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Desalination Membranes Based on Directly Sulfonated Poly(arylene ether sulfone) Copolymers

Ho-Bum Park1, Wei Xie2, Joe Cook2, James McGrath3, and Benny D. Freeman2. (1) Chemical Engineering , Hanyang University, Seoul, 680-749, South Korea, (2) Chemical Engineering, The University of Texas at Austin, 10100 Burnet Rd., Bldg 133, Center for Energy and Environmental Resources, Austin, TX 78758, (3) Chemical Engineering, Virginia Polytechnic Institute and State University, Blacksburg, VA 24060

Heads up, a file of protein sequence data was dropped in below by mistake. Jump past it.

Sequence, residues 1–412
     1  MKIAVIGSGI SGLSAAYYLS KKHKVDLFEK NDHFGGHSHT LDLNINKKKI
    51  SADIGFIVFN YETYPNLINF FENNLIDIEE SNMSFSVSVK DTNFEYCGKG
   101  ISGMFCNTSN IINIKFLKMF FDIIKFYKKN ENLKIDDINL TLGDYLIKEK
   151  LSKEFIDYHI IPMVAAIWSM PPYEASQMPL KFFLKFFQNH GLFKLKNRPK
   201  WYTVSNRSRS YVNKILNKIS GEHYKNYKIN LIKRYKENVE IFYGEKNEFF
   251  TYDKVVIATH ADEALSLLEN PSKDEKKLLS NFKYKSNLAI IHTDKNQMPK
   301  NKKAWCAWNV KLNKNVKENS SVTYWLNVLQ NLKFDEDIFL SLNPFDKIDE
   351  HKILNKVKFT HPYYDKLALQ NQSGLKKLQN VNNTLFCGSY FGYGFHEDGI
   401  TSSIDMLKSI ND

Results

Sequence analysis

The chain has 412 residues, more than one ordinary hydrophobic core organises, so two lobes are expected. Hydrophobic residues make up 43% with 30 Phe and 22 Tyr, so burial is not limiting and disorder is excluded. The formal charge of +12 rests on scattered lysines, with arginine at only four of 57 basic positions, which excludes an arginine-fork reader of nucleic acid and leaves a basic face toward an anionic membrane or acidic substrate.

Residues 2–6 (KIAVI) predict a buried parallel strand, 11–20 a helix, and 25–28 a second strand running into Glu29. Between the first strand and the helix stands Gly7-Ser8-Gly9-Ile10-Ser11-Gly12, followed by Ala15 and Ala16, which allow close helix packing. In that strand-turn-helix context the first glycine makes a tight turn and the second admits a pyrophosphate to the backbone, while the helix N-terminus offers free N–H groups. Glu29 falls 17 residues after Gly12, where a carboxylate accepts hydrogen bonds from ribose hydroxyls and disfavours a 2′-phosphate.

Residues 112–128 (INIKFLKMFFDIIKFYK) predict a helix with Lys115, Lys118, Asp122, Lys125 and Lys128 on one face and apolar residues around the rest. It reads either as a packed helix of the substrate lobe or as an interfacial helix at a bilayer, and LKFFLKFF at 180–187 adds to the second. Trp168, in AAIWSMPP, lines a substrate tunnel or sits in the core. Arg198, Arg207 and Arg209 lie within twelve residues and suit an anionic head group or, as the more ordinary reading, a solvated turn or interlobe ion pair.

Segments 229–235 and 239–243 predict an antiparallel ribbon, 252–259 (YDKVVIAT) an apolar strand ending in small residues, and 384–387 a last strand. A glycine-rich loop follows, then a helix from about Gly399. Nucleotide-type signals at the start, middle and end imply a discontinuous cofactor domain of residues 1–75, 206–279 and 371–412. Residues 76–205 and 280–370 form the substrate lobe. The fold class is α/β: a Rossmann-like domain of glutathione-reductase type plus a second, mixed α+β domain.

Reverse osmosis and nanofiltration membranes are susceptible to biofouling, in particular when treating municipal wastewater, and chlorine compounds are widely used to successfully control the bacteria that causing biofouling. However, chlorine-containing disinfectants chemically degrade current commercial RO and NF membranes, especially the polyamide (PA)-thin film composite membranes that dominate the current market. The low chlorine tolerance of conventional PA membranes leads to irreversible damage to membrane performance due to chlorine attack beginning at the amide nitrogen in PA membranes. This presentation presents the synthesis and characterization of a systematic series of highly chlorine-tolerant, sulfonated copolymer membranes, for use as desalination membranes, based on chemistry that is entirely different from the conventional post-polymerization sulfonation technique. Using direct copolymerization of sulfonated and other monomers, reproducible sulfonated copolymer membranes can be prepared as various polymer structures and compositions at different sulfonation levels. This synthesis method overcomes the problems of conventional sulfonation technology such as molecular weight reduction during sulfonation. This study will discuss the preparation and evaluation of several families of sulfonated copolymers such as random or segmented multiblock copolymers in terms of fundamental desalination characteristics (e.g., water permeability (or permeance), salt permeability, and salt rejection). In addition, thin-film composite membranes were prepared via brush coating of dilute sulfonated polymer solutions on commercial microporous polysulfone membrane. These sulfonated copolymers or their thin-film composite membranes exhibit high water permeability (or permeance) and good salt rejection. To delineate structure-property relations for these materials, solubility and diffusivity of water and salt (e.g., NaCl) were also evaluated for a series of sulfonated copolymers with various sulfonation levels in acid or salt forms. These intrinsic properties were compared with those of commonly used cellulose acetate and polyamide membranes in the literature. This fundamental and systematic study of structure-property relations regarding newly synthesized sulfonated copolymer membranes provides guidelines regarding material selection for new desalination membranes.